> > I was also confused that the evaluator is wrapped in a newtype, and that
> it
> > is an instance of Nomex.
>
> That is non-essential. You can also use
>
> instance Nomex (State Game) where
>
> but it's just cleaner with a newtype...
>
> > Beside, I suppose it is possible to factorize EvalNoEffect with Eval?
> Maybe
> > using liftEval anyway...
>
> If I understand correctly, you're asking about how to remove the
> duplication between EvalNoEffect and Eval?
>
> This is a very good question. My answer is basically that Haskell is
> missing some type-class-related features to allow for the perfect
> solution, specifically a form of local instances.
>
> The long story is that instead of the above instances of Nomex and
> NomexEffect for Eval and EvalNoEffect separately, we would like to be
> able to write the following instances:
>
> instance MonadReader Game m => Nomex m where
> readAccount = asks account
>
> instance (MonadReader Game m, MonadState Game m) => NomexEffect m where
> writeAccount n = modify $ \game -> game { account = n }
> setVictory v = modify $ \game -> game { victory = v }
>
> and then we can declare
> newtype Eval a = Eval { eval :: State Game a }
> deriving (Monad, MonadState Game, MonadReader Game)
>
> newtype EvalNoEffect a = EvalNoEffect { evalNoEffect :: Reader Game a }
> deriving (Monad, MonadReader Game)
>
> and reuse the single implementation of Nomex for both Eval and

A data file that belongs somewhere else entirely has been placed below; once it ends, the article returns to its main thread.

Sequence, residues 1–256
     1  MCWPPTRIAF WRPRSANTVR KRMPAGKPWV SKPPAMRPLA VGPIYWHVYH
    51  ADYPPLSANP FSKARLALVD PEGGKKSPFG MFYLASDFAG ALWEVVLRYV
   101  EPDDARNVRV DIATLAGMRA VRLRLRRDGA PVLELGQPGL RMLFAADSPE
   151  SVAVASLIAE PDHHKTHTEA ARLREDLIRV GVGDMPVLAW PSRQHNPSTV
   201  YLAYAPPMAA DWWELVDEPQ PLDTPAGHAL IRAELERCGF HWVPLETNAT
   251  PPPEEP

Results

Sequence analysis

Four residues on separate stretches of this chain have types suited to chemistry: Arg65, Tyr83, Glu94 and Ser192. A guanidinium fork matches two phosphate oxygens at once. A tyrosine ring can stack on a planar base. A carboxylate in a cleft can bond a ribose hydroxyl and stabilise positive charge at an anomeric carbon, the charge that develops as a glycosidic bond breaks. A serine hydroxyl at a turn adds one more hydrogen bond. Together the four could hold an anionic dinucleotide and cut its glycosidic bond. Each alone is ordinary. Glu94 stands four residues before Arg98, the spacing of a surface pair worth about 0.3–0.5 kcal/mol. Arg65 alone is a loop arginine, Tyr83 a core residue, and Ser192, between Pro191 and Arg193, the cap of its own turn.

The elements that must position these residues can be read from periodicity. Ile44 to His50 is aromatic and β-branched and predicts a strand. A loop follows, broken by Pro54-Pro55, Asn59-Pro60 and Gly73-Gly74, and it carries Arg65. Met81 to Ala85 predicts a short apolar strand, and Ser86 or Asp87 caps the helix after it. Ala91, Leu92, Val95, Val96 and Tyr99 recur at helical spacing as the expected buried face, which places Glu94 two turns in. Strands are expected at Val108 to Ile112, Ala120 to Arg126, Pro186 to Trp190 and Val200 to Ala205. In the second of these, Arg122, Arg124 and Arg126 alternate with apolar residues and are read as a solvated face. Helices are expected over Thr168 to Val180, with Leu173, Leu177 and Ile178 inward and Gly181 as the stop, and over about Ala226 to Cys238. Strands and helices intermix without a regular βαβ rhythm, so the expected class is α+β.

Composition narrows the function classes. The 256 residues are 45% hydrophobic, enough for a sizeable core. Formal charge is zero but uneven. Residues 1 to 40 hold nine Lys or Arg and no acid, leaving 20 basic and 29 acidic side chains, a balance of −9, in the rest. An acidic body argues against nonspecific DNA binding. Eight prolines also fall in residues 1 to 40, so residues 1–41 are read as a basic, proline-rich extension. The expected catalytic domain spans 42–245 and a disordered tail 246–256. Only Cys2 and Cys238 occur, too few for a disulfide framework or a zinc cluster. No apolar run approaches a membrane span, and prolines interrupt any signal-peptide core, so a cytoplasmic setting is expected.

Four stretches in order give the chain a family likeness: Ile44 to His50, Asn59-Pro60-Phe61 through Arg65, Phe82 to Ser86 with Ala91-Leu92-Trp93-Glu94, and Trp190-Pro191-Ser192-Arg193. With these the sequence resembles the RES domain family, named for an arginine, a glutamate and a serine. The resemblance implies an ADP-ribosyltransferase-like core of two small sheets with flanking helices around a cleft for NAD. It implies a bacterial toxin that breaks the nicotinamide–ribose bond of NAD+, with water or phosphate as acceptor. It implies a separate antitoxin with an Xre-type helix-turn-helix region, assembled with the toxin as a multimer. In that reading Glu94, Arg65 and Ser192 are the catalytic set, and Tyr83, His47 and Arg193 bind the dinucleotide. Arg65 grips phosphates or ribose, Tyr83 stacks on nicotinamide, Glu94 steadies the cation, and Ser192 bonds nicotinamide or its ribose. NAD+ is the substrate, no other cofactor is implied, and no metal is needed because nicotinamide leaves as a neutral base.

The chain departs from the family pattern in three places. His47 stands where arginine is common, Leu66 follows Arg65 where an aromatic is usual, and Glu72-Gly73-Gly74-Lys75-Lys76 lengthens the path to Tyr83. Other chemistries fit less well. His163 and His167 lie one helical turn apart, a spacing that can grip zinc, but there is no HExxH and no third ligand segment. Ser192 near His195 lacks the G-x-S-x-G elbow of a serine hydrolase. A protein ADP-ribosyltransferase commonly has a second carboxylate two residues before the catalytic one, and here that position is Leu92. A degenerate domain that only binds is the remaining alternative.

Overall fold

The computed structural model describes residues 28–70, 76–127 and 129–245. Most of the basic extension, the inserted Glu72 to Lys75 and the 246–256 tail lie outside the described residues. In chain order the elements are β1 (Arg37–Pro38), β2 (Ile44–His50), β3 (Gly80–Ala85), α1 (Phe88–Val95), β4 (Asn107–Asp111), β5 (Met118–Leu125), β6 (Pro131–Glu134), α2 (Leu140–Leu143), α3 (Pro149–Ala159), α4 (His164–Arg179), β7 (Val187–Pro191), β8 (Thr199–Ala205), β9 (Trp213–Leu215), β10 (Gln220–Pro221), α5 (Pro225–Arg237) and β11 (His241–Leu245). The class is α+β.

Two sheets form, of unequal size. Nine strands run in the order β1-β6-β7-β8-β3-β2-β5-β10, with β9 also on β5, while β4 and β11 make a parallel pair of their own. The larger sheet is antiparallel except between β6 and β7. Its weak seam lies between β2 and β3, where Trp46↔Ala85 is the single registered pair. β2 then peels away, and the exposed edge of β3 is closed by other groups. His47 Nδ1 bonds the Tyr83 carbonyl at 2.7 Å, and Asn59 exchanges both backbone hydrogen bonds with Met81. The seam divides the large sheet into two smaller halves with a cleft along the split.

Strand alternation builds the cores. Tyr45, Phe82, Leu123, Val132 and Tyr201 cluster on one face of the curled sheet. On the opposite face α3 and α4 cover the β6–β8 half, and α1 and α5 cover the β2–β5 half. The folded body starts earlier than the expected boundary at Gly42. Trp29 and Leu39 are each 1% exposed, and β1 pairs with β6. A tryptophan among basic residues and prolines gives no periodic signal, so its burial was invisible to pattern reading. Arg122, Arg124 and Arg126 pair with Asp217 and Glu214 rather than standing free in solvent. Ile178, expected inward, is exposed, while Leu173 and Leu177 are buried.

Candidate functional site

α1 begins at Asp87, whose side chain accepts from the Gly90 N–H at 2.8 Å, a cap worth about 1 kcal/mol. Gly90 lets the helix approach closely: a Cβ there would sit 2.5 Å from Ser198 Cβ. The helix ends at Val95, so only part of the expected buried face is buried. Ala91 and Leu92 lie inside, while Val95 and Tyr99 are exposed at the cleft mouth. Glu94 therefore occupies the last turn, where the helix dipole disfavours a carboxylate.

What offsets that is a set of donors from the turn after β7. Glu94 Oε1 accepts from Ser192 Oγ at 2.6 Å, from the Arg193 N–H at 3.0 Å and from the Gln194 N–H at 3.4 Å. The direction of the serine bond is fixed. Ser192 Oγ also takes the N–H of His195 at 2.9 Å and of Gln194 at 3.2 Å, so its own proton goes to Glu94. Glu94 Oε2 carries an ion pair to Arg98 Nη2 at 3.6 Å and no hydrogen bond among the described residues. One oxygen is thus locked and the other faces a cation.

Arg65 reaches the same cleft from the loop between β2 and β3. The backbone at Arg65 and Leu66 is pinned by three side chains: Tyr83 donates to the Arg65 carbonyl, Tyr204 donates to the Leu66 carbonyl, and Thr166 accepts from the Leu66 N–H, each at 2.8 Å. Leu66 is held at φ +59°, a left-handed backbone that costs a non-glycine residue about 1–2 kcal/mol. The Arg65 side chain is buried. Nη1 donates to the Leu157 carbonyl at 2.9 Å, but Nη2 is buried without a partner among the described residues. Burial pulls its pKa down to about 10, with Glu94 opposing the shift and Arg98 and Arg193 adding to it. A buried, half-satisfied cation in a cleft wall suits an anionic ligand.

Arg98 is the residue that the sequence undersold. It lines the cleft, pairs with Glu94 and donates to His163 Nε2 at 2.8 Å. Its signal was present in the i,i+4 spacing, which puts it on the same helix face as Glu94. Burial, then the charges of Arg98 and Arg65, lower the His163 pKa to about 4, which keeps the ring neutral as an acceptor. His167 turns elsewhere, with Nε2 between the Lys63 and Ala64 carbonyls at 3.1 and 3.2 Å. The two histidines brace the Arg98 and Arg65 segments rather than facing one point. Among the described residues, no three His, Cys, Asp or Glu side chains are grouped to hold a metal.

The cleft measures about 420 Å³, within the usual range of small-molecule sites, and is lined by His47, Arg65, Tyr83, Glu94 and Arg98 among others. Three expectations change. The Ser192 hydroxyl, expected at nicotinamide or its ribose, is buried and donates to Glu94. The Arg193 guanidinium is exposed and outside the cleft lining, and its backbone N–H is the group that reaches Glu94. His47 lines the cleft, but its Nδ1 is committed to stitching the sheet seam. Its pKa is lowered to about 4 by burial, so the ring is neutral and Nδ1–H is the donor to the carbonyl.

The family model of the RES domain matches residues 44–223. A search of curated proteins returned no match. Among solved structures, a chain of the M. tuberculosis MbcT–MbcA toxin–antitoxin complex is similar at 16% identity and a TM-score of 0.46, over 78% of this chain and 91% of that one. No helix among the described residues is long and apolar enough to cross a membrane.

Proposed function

> EvalNoEffect. However, there are various problems with this solution:
>
> * the instances are not permitted without UndecidableInstances (which
> I recommend against),
> * the derivation of MonadReader from State won't work because
> MonadReader is not treated as a superclass of MonadState in Haskell,
> despite the fact that functionality-wise it is.
>
> What is needed to solve these problems is a feature that is in my
> opinion strongly missing in Haskell: a form of local instances. This
> means that we would be able to explicitly specify what implementation
> of a certain type class should be used to satisfy a certain type class
> constraint, e.g.
>
> sort :: Ord a => [a] -> [a]
> sortBy :: forall a. (a -> a -> Bool) -> [a] -> [a]
> sortBy f = let instance ordDict :: Ord.Dict a
> ordDict = constructOrdDict f
> in sort :: Ord a => [a] -> [a]
>
> Local instances were already considered by Wadler when he proposed
> type classes, but they are problematic to combine with type inference.
> However, it seems likely that this is not an issue if we require
> sufficiently informative type annotations.
>
> For the problem above, this would allow to construct, use and lift
> (together with newtype coercions) a MonadReader dictionary for the
> State monad without necessarily having it derived automatically if
> this is not desired. Also, this would allow to write the undecidable
> instances as normal functions that need to be explicitly invoked
> instead of inferred by type inference, avoiding the
> UndecidableInstances problem.
>
> Regards
> Dominique
>